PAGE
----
So you've been bitten by a reverse auction. Should you turn around and do the same to your suppliers, making up the difference by forcing them to cut costs?
Small companies are increasingly holding their own reverse auctions, according to Jemin Patel, CEO of HedgeHog, a Carmel, Indiana, company that sells auction software. But before you rush to set one up, Bob Emiliani wants you to know that he thinks they do as much harm to buyers as they do to suppliers.
Emiliani used to run reverse auctions for jet engine manufacturer Pratt & Whitney. Now a professor at Central Connecticut State University, Emiliani warns that "reverse auctions are like a crash diet" for companies--a rapid and unhealthy way of trimming costs.
Reverse auctions, he argues, lead suppliers to cut their margins at the expense of quality and innovation. Prices go down per unit, but Emiliani believes the savings are often offset by hidden costs, such as more returns, greater warranty claims, and a larger volume of customer service calls.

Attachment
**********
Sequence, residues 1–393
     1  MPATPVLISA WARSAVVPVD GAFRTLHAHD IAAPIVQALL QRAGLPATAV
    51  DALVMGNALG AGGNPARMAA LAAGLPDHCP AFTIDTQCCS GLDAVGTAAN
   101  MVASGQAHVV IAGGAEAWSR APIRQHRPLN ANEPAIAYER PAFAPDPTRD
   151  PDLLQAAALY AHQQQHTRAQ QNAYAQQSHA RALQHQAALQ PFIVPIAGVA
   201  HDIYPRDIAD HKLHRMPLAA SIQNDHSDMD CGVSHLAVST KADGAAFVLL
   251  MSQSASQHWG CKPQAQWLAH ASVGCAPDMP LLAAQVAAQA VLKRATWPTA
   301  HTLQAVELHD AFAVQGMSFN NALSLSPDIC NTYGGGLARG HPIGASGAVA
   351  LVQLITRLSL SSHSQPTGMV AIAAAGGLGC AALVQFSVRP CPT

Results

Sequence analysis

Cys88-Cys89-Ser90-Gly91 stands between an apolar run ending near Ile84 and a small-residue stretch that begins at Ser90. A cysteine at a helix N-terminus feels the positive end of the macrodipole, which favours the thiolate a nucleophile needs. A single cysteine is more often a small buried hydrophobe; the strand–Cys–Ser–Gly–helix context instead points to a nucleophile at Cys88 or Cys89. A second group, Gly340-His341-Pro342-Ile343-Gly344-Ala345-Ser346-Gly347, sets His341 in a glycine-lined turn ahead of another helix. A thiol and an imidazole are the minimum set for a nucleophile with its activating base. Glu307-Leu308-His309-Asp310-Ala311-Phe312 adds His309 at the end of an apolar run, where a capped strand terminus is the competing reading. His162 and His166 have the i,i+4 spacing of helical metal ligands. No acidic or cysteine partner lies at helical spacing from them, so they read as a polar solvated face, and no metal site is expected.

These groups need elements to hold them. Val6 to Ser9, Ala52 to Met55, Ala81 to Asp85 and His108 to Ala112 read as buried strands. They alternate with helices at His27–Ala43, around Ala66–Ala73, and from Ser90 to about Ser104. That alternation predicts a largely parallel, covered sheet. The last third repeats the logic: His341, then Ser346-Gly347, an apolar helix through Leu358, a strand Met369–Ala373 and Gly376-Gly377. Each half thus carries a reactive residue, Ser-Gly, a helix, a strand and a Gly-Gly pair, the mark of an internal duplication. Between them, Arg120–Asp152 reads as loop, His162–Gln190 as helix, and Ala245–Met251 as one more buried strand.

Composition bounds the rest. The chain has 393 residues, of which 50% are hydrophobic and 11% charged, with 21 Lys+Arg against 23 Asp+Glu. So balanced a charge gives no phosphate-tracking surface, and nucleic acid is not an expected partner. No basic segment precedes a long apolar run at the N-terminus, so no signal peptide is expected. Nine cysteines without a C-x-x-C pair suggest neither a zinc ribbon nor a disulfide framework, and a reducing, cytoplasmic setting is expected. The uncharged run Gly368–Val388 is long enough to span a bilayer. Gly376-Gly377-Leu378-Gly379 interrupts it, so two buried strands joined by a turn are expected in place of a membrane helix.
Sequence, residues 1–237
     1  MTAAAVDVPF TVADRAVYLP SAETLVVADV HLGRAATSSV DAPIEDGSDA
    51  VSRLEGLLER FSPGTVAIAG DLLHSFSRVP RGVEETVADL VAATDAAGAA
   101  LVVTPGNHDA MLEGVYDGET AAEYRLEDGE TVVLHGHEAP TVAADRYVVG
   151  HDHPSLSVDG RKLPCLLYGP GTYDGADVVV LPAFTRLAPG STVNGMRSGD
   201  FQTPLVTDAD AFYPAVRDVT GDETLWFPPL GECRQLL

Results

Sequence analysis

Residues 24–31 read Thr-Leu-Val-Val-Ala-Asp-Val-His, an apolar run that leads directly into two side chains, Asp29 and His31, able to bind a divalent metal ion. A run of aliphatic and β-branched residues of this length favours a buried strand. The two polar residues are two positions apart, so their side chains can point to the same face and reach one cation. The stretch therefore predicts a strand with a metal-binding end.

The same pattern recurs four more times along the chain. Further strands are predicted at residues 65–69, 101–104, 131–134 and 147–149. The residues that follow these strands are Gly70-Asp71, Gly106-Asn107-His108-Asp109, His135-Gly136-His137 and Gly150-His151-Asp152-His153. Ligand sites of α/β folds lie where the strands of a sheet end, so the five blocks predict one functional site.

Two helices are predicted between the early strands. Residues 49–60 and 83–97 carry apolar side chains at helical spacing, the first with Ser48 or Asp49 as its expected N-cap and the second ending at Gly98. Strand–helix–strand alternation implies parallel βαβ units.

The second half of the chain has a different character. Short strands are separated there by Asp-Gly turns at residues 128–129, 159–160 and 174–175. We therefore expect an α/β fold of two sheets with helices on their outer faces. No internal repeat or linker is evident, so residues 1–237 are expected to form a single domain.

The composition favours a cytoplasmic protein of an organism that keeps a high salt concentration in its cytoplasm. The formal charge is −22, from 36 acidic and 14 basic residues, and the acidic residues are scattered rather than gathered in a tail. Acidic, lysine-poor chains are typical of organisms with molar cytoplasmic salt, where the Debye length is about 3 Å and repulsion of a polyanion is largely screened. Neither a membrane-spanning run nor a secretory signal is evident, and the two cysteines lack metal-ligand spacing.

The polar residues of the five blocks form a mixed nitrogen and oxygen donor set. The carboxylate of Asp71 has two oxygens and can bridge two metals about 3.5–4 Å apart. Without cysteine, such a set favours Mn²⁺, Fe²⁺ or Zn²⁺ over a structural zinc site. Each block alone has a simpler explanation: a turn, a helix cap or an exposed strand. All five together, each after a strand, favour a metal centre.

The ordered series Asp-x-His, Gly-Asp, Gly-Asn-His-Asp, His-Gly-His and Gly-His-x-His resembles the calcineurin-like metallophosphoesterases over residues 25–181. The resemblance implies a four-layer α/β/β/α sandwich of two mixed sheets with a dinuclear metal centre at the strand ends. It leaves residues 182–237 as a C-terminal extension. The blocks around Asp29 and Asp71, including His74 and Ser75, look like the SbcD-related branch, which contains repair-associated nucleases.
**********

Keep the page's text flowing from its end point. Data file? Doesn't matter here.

Worse, suppliers have no incentive to improve their products and, in fact, may be tempted to retaliate by neglecting quality or raising prices on other items. "People characterize reverse auctions as a best practice," says Emiliani, "but you can't just send the blueprints to the next guy and expect the same quality."
Emiliani advises companies eager to cut costs to look instead at the legendary Toyota model (NYSE:TM). That model calls on companies to work with their current suppliers to find cheaper ways of doing business.